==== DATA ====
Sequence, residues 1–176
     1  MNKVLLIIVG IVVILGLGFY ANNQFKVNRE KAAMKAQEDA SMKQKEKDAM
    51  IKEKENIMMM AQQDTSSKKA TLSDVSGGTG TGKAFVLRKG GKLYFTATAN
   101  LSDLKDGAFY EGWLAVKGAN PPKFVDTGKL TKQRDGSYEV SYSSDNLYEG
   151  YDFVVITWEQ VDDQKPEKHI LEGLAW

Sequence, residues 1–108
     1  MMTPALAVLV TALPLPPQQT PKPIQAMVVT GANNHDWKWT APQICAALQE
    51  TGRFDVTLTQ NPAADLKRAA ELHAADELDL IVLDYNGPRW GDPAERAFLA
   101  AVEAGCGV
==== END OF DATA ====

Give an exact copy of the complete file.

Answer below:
Sequence, residues 1–176
     1  MNKVLLIIVG IVVILGLGFY ANNQFKVNRE KAAMKAQEDA SMKQKEKDAM
    51  IKEKENIMMM AQQDTSSKKA TLSDVSGGTG TGKAFVLRKG GKLYFTATAN
   101  LSDLKDGAFY EGWLAVKGAN PPKFVDTGKL TKQRDGSYEV SYSSDNLYEG
   151  YDFVVITWEQ VDDQKPEKHI LEGLAW

Sequence, residues 1–108
     1  MMTPALAVLV TALPLPPQQT PKPIQAMVVT GANNHDWKWT APQICAALQE
    51  TGRFDVTLTQ NPAADLKRAA ELHAADELDL IVLDYNGPRW GDPAERAFLA
   101  AVEAGCGV